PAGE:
Text by Paul Tumarkin, Tech Launch Arizona
The Department of Chemistry and Biochemistry in the University of Arizona’s College of Science has long been a powerhouse in research and is now its leading producer of intellectual property through a working relationship with Tech Launch Arizona.
Prior to the UA’s Never Settle academic and strategic plan, the College of Science disclosed about two dozen inventions per year. Then, in 2012, UA President Ann Weaver Hart brought Vice President David Allen aboard to lead TLA and build a culture around innovation and commercialization. The unit was tasked with bringing the inventions emanating from University research to market, creating social and economic impact.
The 45 faculty members in chemistry and biochemistry, or CBC, are now producing about 50 invention disclosures — about one-fourth of all disclosures TLA receives — and one startup company per year. Over half of those disclosures become provisional patents. And over half of those provisionals are converted to full patent applications.
In short, the research and inventions of CBC faculty are making their way into the world, which is how tech transfer is supposed to work.
"In a department this big, there are always people who say that they want an idea to go to the next level," says Roger Miesfeld, head of CBC. "It’s the mindset of the entrepreneurial faculty member that moves things toward commercialization."
CBC historically has been a catalyst for impact by bringing such research to market. Companies such Selectide (predecessor to Sanofi) and GlycoSurf are prime examples of startups that emerged from entrepreneurial faculty.
TLA helps faculty protect inventions through the patent process and turn them into intellectual property. That IP is then licensed to existing companies or startups, and the UA receives royalties in exchange for use of the knowledge.
"TLA has streamlined the whole process," Miesfeld says, "and now that natural entrepreneurial spirit of chemists and biochemists can be manifested at the University of Arizona."
At the urging of Paul Eynott, TLA’s licensing manager embedded in the College of Science, Miesfeld decided to try the process himself.
"We had a compound that, when we put it into female mosquitoes, it made the blood go into her crop (where nectar is usually stored) instead of her stomach and she died," Miesfeld says. "We said, 'That’s a really weird drug and it does something we’ve never seen before.' So we went to Eynott and asked if he could do something with it."
Today, two years on, Eynott has helped to patent the molecule, and the UA is in negotiations with a multinational chemical company to license the IP.
Among the other CBC faculty success stories are:
Jon Njardarson has literally put a new learning tool in the pockets of organic chemistry students around the world. In collaboration with the Office of Instructional Assessment, Njardarson developed Chemistry by Design, an elegant mobile app that helps in learning organic chemistry. He is working with TLA to commercialize the app.
"There’s nothing more satisfying to a scientist than sketching out an idea and seeing it realized," Njardarson says.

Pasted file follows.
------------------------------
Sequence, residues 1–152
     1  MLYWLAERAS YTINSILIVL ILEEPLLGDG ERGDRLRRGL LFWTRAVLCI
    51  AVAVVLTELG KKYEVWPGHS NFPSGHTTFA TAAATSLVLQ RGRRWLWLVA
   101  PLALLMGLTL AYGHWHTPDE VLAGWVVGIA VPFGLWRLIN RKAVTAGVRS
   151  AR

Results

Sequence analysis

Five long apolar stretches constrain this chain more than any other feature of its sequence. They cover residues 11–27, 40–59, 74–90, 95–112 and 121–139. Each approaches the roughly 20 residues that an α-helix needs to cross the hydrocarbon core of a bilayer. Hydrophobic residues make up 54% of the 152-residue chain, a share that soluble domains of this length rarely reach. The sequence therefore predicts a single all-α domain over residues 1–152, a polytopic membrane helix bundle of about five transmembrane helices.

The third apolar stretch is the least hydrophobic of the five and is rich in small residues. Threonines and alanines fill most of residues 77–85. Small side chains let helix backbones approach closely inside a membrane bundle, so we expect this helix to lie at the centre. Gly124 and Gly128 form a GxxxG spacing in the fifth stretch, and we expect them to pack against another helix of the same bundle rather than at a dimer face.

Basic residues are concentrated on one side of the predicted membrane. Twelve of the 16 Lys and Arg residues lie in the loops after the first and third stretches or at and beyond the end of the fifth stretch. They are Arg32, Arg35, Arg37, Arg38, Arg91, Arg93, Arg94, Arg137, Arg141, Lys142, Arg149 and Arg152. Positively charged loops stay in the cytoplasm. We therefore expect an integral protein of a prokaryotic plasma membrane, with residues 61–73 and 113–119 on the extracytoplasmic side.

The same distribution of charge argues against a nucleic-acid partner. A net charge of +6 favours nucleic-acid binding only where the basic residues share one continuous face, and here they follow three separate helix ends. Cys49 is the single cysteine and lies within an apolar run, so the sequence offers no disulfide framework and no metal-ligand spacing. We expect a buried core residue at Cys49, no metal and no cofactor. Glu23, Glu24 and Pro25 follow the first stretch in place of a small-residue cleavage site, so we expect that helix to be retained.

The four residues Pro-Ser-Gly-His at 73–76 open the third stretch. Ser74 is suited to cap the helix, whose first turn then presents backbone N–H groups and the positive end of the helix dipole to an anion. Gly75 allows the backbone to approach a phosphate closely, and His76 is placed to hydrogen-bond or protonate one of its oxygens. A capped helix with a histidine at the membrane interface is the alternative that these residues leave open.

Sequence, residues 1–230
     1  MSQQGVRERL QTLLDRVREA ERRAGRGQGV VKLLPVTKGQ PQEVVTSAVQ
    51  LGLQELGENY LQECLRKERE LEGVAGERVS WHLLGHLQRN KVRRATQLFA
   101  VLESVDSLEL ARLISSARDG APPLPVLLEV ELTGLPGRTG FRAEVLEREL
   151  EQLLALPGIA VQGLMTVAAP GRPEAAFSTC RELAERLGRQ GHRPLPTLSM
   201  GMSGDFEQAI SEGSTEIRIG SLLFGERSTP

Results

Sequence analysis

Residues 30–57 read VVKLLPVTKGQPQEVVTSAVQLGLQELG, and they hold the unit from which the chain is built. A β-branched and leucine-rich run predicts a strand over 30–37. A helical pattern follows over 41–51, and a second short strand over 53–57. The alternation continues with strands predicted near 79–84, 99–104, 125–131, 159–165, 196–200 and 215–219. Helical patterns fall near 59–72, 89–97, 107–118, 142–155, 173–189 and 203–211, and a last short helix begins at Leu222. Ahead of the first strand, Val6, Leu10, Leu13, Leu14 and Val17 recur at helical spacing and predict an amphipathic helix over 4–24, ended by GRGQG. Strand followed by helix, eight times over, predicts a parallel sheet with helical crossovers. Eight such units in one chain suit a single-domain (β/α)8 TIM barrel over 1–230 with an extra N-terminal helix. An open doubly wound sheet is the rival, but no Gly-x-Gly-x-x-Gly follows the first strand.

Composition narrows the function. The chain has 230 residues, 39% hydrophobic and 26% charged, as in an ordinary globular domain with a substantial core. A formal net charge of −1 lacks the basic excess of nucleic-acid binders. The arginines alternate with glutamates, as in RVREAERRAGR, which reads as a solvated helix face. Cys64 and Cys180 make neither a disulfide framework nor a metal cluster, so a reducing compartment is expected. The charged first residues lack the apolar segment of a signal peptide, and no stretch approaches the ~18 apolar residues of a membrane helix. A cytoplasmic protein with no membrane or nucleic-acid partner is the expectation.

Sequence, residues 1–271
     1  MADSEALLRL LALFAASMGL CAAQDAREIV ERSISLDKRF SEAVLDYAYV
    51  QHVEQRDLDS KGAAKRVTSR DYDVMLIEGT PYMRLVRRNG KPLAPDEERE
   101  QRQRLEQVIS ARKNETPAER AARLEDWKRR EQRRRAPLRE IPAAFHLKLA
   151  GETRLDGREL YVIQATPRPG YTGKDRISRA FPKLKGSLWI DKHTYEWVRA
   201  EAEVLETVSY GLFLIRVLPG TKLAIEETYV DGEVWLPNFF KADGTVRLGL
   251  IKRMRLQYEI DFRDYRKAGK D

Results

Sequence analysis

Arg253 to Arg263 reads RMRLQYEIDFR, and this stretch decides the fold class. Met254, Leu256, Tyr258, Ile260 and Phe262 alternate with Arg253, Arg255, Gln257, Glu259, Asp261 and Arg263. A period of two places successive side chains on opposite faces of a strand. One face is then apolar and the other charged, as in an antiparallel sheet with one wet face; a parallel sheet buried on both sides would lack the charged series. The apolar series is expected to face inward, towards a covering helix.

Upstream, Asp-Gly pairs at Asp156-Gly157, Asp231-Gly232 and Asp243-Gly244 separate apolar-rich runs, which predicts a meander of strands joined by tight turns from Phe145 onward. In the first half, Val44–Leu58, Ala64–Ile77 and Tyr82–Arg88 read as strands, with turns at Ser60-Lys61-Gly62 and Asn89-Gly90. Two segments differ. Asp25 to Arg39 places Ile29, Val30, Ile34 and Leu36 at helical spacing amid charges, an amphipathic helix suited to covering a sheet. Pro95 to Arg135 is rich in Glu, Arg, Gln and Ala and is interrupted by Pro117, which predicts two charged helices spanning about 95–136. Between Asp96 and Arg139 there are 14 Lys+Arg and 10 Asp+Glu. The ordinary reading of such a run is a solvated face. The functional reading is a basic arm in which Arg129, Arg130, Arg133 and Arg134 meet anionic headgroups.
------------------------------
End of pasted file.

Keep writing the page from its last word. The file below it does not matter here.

Katrina Miranda studies a class of molecules called nitrogen oxides, focusing on the treatment of breast cancer. The disease has touched a number of people in her life.
When it comes to drug development, academic research can only go so far, she says. For a drug to go out for medical use, it must be patented and then licensed to a company that can afford to shepherd it through clinical trials. Miranda is working with TLA on a patent and starting a company to make her invention more attractive to a pharmaceutical firm.
"TLA has helped me figure out what I can do," she says. "I’m certainly not a business person. I’m a chemist. I’m a scientist. So they’ve been helping me go through that process and think about the business side."
Michael Heien is delving into the role of neurochemistry in depression, learning, heart disease and memory. Through sensors developed in his lab, he and his graduate students are learning about brain chemicals involved in modulating disease states in collaboration with psychologists and pharmacologists.
"We have probes (fibers that can be inserted into brain tissue) that we’ve modified that makes them resistant to biofouling," Heien says. "We’ve come up with some coatings to make these sensors really phenomenal in their ability."
Heien and TLA have filed a patent for the invention, whose use extends to aircraft manufacturers.
"You can coat carbon fibers and get better adhesion to the polymers used in building aircraft parts," Heien says. "That’s not something we would normally think of in our research."
John Jewett set up his lab to understand the dengue virus through the use of techniques in chemical biology. His research focused on looking for small molecules to understand how the virus interacts.
In researching the pure chemistry of the virus, Jewett and his team were looking at chemicals called triazabutadienes and phenols. On their own in the air, these molecules don’t bond together, but Jewett found they get sticky in water.
"Even in our first conversation where I brought this idea up to Paul from a chemical perspective, he started asking things like, 'What could you use this for? Could it be used for this or that or something else?'" Jewett recalls.
Patents have been filed for the technology for applications such as fixing cracks in deep water oil pipelines.